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I was formally offered a post last year and went through all pre-employment checks etc, but the start date was continually delayed. In the meantime I fell pregnant and by the time they offered me work I was off sick in my current job with pregnancy-related complications. I told my potential employer that my start date woud have to be delayed until next month when I finish my maternity leave. However, I have now extended my leave to the end of March, utilising my full 39 weeks as my daughter has been unwell. I have been in contact with the new employer and they have said there is no guarantee there will be a post for me at end of March and I will have to wait till something comes up. The problem is, my current job is a fixed-term contract and actually ends the same day as my maternity leave. Where do I stand on both issues please? I cannot afford to be out of work.
I understand that you are employed by employer A on a fixed term contract which is due to finish at the end of March 2013. You are currently on maternity leave and your maternity leave is due to finish at the end of March 2013. You were offered a job a year ago with employer B and agreed a start date of November 2012, however you have now asked them to delay the start date until March 2013 and they have said they can not guarantee that the job will be open at that time.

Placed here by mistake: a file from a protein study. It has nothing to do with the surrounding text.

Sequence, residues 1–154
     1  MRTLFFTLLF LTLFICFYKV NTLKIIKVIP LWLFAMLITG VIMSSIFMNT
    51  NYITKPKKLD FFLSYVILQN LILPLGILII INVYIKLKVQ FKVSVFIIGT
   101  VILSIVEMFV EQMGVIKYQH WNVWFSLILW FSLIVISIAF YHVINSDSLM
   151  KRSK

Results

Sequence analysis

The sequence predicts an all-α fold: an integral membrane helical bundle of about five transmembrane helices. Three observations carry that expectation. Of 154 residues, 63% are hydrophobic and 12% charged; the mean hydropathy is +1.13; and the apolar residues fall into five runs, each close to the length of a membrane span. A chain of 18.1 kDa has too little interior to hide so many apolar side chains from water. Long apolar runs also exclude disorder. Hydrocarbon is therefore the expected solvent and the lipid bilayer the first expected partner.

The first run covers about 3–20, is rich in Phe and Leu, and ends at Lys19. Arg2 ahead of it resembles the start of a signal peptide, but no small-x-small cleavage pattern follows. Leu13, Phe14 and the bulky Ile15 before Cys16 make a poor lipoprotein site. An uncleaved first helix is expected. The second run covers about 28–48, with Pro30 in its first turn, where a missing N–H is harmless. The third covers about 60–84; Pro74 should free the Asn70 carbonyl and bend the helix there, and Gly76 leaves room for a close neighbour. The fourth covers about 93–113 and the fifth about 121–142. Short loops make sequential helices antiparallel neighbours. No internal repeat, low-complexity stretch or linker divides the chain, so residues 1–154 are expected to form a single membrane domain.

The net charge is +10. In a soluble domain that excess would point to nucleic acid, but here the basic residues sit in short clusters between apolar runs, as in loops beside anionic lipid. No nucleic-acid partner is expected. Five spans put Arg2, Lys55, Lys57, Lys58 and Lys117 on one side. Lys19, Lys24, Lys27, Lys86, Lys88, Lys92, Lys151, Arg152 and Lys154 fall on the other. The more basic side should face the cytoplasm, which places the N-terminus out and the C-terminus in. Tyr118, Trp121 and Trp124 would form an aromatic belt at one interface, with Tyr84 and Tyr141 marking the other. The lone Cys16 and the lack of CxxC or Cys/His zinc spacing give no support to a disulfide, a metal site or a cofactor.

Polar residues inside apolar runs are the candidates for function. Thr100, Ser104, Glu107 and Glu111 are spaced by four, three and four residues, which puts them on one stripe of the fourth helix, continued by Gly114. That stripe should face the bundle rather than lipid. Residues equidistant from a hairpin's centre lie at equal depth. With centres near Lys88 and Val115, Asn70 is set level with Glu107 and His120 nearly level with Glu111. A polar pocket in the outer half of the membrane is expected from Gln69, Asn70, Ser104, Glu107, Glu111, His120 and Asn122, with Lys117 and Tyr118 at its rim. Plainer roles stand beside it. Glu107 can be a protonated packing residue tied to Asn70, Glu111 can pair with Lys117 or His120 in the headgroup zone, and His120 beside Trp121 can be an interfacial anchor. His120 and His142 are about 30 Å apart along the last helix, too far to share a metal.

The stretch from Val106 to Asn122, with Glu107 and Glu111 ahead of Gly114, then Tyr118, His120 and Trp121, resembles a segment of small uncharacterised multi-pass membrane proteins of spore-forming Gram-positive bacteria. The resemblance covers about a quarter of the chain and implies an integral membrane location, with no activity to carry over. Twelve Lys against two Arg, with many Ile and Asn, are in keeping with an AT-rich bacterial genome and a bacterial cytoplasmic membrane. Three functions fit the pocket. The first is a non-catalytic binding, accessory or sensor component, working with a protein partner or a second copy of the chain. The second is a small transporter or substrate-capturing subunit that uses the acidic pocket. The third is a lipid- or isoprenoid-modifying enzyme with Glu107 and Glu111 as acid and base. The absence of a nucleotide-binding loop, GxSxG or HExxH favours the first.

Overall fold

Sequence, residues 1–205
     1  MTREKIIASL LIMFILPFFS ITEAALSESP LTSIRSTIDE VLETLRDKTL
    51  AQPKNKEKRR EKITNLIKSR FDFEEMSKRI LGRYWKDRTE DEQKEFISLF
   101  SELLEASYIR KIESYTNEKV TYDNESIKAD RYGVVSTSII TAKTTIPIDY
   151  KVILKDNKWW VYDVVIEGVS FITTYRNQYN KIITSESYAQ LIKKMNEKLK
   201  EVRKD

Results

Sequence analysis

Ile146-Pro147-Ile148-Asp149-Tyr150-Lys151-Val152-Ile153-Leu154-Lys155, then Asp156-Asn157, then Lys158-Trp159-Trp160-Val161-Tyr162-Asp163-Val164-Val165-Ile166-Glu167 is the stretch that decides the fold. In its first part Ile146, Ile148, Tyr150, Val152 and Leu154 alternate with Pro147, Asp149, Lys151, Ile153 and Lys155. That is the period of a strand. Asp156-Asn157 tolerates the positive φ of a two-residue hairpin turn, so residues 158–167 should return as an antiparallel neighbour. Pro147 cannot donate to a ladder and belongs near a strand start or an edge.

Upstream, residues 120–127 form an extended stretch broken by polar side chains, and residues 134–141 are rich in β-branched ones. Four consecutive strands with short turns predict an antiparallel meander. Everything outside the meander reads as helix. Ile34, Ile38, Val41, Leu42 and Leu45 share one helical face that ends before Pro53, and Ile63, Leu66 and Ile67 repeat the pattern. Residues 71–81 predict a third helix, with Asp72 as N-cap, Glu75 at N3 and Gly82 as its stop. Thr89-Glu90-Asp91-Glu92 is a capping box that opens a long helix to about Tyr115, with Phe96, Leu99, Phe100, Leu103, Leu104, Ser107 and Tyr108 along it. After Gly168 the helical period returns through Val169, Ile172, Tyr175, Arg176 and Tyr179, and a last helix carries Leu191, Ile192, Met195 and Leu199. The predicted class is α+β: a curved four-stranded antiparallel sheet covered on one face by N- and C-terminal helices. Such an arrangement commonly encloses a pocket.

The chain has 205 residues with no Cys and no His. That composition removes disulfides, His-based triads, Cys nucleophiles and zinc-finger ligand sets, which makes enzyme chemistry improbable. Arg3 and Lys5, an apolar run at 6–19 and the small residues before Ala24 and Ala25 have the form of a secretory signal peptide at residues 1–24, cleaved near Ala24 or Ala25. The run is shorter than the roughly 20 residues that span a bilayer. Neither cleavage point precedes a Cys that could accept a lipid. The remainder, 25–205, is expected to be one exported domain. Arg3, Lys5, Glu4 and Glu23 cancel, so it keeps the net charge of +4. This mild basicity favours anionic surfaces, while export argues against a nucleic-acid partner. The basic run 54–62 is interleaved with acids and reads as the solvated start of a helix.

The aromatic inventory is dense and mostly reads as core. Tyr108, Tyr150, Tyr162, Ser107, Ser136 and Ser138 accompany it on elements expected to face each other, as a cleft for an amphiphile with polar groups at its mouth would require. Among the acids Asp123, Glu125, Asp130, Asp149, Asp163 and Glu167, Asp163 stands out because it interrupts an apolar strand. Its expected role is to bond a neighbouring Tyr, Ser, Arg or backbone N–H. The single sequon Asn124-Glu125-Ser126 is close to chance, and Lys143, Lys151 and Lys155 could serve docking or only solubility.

Dealing with employer A, as you have over one year’s service, they are obligated to look for alternative employment for you and to consult with you over the ending of your fixed term contract. You should therefore contact them and ask about alternative positions for you to move into. If employer A chooses not to renew your fixed term contract or fails to offer you a new job due to being on maternity leave then you would have a claim for sex discrimination and unfair dismissal. Equally if they do not follow a consultation procedure prior to the end of your fixed term contract then you may have a claim for unfair dismissal.
In relation to employer B, a contract of employment exists where an offer of employment has been made and accepted. In this case, you have been offered a job, accepted it and agreed a start date but then you have requested to delay that start date. Employer B may choose to refuse your suggestion of a new start date and take your refusal to strat on the agreed date as a decision to reject the offer of employment. If employer B decide not to allow your start date to be delayed because you are on maternity leave then again this would be sex discrimination.
In summary I suggest that you write to both employers, ask employer A to detail what other jobs are available and write to employer B explaining that you are on maternity leave, that you understood you were employed by them and therefore that your job would be open until the end of your maternity leave.
Sarah Calderwood assisted with the answer to this question.